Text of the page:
A year after Oxford University decided to divest from fossil fuels, the Oxfordshire local government pension fund has begun excluding fossil fuel investments from their own fund.
On 10th September, the administering committee for the scheme, worth approximately £3 billion and with around 65,000 members, voted to move the full value of the Fund’s passive equity investment, worth £530Mn, into a newly launched ‘Paris Aligned Benchmark’ fund. The move will effectively exclude all investments in coal, oil and gas companies.
Over the past year, the Fund as a whole achieved a 17.7% reduction in emissions across its measurable investments, and also decreased its exposure to fossil fuel reserves by over 30%.
Councillor Jo Robb, Green Party Councillor and member of Oxfordshire Pension Fund Committee, said:
“The Committee’s decision to invest in a fund that excludes fossil fuels and rapidly reduces emissions is critical. In the light of recent extreme weather events, the dire warnings of the most recent IPCC report, and the upcoming COP26 summit in Glasgow, local councils across the UK must show the leadership the situation demands. I hope this commitment will be one of many in the months to come.”
The move to exclude fossil fuel investments comes in a pivotal month for divestment campaigners in the UK and around the world. Last week, after a decade of campaign pressure, Harvard University announced plans to divest its $42 Billion endowment fund, while Strathclyde Pension Fund, one of the largest LGPS funds in the UK are currently under intense scrutiny to deliver on their pledge to divest their fund before Glasgow hosts COP26 later in the year.
Nearly £10bn worth of investments in fossil fuels, including oil and gas companies such as BP and Shell, were found in local government pension funds in the last financial year, according to an assessment by campaign groups Platform and Friends of the Earth earlier this year, despite over 75% of councils having declared a climate emergency.
Robert Noyes, an energy economist at Platform and a coordinator of UK Divest, the network supporting local government divestment campaigns, said:
“In the run-up to COP26, councils across the UK have an important decision to make. To hope beyond hope that engaging with fossil fuel companies – who denied the climate crisis for decades, and spent just 1% of their annual capital expenditure on clean energy in 2020 – will magically work this time, or join the $14.5 Tn coalition of climate leaders in ending fossil fuel investment.”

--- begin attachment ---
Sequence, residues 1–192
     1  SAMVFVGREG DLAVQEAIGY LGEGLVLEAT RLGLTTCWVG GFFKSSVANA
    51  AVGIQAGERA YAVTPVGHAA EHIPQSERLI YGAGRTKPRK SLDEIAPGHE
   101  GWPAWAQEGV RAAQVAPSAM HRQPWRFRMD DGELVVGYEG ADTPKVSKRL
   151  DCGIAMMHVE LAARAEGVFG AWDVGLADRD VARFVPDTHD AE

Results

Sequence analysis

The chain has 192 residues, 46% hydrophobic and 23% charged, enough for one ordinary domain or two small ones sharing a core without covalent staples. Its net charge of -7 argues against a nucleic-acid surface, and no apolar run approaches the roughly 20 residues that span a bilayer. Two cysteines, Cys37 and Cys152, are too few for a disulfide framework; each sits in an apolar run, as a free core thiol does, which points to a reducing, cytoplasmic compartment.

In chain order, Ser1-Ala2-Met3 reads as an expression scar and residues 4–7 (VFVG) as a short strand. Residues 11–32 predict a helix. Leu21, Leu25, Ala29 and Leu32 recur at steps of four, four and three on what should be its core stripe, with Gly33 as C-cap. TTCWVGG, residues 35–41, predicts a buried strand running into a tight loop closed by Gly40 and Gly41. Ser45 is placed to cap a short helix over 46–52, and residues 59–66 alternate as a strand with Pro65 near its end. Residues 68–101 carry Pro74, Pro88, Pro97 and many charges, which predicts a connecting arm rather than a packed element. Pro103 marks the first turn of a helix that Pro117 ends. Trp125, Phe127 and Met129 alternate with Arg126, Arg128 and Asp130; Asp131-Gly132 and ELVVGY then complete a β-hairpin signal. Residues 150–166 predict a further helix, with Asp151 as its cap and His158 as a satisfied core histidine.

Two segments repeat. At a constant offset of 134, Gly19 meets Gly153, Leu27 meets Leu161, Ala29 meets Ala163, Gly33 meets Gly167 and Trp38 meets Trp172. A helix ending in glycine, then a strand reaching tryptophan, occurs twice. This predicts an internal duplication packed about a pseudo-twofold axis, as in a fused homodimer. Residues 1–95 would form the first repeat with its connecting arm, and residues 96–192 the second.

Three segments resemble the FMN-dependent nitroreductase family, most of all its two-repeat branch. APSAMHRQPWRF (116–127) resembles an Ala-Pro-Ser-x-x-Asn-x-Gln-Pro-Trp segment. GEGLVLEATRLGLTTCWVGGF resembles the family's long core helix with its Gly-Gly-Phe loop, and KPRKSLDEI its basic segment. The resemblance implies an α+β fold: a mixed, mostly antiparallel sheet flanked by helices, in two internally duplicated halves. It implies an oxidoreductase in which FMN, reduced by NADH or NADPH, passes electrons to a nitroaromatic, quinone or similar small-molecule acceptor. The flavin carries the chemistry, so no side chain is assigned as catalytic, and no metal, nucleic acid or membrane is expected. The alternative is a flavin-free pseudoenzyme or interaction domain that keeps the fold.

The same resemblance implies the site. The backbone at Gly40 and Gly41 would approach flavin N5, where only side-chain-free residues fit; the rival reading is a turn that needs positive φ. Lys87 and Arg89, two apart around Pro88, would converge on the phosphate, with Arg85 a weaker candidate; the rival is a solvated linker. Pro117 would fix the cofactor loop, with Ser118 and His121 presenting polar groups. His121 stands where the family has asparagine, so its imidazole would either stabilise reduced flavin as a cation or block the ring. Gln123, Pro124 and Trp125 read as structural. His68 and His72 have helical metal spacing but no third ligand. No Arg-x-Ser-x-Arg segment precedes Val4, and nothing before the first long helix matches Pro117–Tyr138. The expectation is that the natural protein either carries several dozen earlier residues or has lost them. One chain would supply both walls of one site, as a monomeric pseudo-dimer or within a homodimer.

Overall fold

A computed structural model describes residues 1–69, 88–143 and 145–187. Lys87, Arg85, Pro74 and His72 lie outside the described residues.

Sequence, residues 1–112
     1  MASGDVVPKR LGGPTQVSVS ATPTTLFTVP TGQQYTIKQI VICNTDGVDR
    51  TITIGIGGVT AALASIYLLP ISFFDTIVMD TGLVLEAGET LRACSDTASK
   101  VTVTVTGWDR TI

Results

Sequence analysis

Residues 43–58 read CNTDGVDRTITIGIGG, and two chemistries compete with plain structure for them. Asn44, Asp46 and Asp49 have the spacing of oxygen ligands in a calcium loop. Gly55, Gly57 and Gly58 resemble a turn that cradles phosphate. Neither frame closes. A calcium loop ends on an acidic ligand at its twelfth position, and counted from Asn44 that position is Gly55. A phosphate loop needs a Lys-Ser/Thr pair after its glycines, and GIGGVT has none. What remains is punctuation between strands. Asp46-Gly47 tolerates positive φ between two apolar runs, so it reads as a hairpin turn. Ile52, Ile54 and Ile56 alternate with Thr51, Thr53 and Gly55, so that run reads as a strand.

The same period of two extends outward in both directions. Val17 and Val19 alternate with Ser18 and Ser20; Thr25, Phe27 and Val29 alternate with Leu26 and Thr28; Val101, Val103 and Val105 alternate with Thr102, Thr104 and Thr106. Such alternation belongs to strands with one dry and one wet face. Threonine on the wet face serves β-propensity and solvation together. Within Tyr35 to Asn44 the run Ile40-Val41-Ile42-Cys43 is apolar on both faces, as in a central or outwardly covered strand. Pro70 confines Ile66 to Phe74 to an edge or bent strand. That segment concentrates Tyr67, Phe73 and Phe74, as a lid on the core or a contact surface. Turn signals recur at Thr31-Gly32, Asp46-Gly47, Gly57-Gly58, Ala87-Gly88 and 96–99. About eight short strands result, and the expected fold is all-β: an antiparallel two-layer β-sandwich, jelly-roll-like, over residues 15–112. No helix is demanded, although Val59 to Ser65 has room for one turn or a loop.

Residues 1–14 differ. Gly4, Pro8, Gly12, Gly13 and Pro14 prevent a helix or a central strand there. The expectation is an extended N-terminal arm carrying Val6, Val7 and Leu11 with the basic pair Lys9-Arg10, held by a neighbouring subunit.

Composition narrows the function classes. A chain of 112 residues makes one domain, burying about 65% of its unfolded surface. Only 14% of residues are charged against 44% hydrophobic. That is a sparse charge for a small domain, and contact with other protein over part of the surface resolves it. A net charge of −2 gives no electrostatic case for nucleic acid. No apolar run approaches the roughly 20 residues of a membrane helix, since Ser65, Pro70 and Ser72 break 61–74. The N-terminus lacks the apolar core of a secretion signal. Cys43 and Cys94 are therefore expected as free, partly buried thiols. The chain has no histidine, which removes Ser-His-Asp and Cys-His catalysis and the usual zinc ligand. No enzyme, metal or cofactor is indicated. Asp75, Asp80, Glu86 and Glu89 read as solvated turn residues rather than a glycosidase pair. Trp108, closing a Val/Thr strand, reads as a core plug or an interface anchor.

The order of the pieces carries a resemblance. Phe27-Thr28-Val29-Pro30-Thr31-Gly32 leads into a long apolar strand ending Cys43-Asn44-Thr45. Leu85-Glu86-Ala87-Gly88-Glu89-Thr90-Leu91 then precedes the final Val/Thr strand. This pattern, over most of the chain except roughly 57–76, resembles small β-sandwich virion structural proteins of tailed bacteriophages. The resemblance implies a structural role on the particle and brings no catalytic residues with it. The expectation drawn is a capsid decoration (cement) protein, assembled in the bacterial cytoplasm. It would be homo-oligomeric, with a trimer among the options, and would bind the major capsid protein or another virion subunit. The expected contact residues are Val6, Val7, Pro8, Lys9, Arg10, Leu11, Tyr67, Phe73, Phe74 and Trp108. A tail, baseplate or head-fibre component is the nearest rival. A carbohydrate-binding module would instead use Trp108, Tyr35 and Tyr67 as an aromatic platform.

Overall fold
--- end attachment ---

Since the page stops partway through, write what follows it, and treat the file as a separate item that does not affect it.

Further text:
Though some UK councils have moved to divest their pension fund, most have not done so, a view shared by the UK Government. Last week, Teresa Clay, head of local government pensions, told delegates at the LGC Investment & Pensions conference that “engagement is the right way, not divestment.”
But with COP26 focusing minds, such a view is increasingly out of step with public opinion. Polling with YouGov earlier in the year found just 12% of the UK public were in favour of fossil fuel investments from pension funds, while polling from NEST in 2020 found that 65% of pension savers believed their pension should be invested in a way that reduced the impact of climate change.
Al Chisholm, from local campaign group Fossil Free Oxfordshire, added:
“The decision to exclude holdings in coal, oil and gas companies from passive investments is extremely welcome and sits well alongside the important work being done to decarbonise the whole fund. We see this as a critical step on the path to investing for a safer climate and more just world and congratulate the Committee for taking this decisive and forward-looking move.”
For more information, please contact Robert Noyes at email@example.com or at 07940344072.